“It appears that the heart actually rules over the body.  How we think, how we feel, and how we look at life strongly influence our bodies.” (76)  “Positive emotions tend to strengthen the immune system....  On the other hand, fear, anger, hatred, and other negative emotions tend to depress the immune system.” (77)


“Antibiotics help us fight infections, but they do not cure us.  We are cured by our own immune system....”  (82)


“The heart ... is the center of our life and determines who we are, what we do, and how we live in this world.  It has an immense influence on our health.” (83)


“Every event that has ever occurred in our lives, from the day we were born until this present moment, is recorded in the memory and stored in the subconscious mind.”  “The vast bulk of our memories is lost to recall...”  “Memories from infancy and early childhood and a multitude of memories during our growing-up years are among those lost to recall.”  Every memory, retrievable or not, continues to influence what goes on in our minds..., possible even perceptions ‘in utero.’ (92-3)


The door to our spiritual environment opens from the inside.  Prayer to God is communication through this door. “We must guard this door closely, for our relation with the spiritual world strongly influences our spiritual, psychological, and even physical health.” (95)


“Guarding the heart is essential for our health.  What we allow to enter our mind and heart will be a part of our personality for the remainder of our lives and can affect us for good or for ill.”  (96)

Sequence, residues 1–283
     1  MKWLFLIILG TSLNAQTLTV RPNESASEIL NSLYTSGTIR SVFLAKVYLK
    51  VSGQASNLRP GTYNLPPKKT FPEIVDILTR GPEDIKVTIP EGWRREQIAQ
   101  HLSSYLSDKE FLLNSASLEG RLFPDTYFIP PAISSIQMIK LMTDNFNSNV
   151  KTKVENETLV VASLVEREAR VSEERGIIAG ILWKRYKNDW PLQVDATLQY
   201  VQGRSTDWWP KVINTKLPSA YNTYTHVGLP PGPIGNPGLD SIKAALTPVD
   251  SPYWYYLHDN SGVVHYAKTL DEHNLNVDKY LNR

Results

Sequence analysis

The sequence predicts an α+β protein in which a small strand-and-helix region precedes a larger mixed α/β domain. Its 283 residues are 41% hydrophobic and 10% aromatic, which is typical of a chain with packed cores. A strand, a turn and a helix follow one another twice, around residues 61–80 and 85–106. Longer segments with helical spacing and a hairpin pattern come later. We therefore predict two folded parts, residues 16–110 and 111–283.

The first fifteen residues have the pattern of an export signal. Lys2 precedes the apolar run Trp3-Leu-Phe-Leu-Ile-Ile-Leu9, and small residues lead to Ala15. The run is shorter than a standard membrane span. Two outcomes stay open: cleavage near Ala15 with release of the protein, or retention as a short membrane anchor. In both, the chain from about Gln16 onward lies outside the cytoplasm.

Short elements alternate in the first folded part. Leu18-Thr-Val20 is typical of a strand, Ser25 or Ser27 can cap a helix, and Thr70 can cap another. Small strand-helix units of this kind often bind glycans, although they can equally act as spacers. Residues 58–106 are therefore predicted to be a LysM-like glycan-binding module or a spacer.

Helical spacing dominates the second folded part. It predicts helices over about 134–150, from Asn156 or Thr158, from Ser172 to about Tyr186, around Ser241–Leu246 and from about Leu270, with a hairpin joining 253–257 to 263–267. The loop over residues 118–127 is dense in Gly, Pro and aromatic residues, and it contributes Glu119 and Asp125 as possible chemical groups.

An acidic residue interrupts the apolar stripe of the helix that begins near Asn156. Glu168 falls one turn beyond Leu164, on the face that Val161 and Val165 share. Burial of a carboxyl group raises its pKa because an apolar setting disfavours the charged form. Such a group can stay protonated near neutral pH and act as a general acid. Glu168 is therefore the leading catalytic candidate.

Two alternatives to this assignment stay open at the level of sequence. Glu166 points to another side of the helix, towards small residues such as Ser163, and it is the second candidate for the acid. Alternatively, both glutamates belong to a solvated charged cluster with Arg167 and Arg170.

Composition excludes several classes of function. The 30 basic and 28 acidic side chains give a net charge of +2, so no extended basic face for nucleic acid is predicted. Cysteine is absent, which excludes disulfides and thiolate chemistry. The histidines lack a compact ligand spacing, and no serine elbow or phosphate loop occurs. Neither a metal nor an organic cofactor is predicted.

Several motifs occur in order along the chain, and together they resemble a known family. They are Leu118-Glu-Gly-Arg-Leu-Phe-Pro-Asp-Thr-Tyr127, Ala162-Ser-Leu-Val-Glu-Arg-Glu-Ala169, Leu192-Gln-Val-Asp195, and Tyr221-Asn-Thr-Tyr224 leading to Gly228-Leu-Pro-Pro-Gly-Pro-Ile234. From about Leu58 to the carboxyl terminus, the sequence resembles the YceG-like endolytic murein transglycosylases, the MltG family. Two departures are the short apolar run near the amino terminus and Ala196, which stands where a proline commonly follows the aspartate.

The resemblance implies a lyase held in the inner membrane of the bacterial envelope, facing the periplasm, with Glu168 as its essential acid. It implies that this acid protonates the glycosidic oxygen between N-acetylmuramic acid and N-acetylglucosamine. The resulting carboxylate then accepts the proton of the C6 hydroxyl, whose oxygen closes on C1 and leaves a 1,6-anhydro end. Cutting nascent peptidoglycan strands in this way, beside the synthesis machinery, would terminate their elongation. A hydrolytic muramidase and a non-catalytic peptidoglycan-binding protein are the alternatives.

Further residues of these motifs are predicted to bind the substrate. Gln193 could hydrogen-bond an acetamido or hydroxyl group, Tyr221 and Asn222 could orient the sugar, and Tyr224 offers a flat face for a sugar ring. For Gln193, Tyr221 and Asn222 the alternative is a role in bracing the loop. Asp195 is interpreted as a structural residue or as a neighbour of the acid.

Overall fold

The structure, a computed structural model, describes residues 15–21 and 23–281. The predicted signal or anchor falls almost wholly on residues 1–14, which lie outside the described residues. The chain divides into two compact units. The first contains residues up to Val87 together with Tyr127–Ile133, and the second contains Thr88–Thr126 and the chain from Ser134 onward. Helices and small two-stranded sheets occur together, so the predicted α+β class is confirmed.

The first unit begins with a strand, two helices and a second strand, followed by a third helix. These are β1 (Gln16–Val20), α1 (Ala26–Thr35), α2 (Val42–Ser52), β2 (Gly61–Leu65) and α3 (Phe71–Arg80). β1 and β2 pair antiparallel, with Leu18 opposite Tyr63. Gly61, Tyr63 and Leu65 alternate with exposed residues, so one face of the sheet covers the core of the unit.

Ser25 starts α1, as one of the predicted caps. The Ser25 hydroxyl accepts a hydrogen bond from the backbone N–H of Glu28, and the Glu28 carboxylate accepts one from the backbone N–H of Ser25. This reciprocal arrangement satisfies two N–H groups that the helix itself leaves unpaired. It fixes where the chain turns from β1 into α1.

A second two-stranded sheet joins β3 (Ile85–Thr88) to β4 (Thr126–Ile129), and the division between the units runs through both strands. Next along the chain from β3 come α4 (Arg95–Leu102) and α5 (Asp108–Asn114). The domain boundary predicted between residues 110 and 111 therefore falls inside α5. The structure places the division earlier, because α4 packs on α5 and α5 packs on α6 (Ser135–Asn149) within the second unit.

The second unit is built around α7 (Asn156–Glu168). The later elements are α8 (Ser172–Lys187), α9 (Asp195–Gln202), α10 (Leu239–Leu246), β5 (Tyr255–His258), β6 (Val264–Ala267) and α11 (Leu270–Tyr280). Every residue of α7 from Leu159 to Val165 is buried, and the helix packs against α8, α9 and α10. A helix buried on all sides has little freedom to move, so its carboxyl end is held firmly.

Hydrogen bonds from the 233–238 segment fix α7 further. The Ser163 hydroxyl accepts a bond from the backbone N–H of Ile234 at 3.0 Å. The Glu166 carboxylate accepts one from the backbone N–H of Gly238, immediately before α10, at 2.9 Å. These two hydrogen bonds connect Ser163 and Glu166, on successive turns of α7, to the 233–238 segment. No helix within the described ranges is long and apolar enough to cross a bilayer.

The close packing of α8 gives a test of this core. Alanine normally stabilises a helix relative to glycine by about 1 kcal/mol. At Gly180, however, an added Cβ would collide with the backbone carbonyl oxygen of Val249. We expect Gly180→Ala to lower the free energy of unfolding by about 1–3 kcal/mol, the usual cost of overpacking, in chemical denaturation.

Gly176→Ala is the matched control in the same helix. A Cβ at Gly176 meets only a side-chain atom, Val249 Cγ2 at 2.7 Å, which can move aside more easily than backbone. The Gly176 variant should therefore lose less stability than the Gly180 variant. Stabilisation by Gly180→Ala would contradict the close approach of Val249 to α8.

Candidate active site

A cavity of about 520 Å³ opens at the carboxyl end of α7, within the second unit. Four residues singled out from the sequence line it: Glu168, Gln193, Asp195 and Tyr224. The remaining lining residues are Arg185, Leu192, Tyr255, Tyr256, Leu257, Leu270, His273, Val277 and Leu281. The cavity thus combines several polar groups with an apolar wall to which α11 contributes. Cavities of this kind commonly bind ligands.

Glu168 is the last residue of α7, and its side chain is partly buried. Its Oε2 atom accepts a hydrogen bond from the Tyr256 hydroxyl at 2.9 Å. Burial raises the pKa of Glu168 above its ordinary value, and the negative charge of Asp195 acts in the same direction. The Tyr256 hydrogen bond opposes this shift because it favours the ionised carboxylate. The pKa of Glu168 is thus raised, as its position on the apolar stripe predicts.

“We sinned (and continue to sin) out of our choice to live independently of the God who made us.”  We reject our relationship with God.  “We are free to make choices, but we are not free to choose the consequences of those choices.” (101)


“In a very general sense...sin introduced disorder, disease, and death into human life.”  “Sin is vastly more than just a psychological problem.  It is a potent spiritual power in the world.  Hatred is real and destructive.” “Hatred takes hold of a person’s psyche, and that hold is immensely powerful and real.  It requires a greater power to overcome it, and that power has come from Jesus Christ.” (104-5)


“Retained anger, envy, jealousy, and hatred for another person are sinful emotions.”  “The sin of an unforgiving spirit is extremely dangerous for our physical health.”  “Greed and covetousness are sinful and can be very deleterious to health.” (112-13)


“Of the Ten Commandments, the first commandment—‘Worship no god but me’ (Exodus 20:30)—is the most important one for our psychological and physical health.” (114)


“For adequate healing to take place, the many factors involved in a particular illness-physical, social, emotional, and spiritual—need to be addressed effectively and in concert.” (116)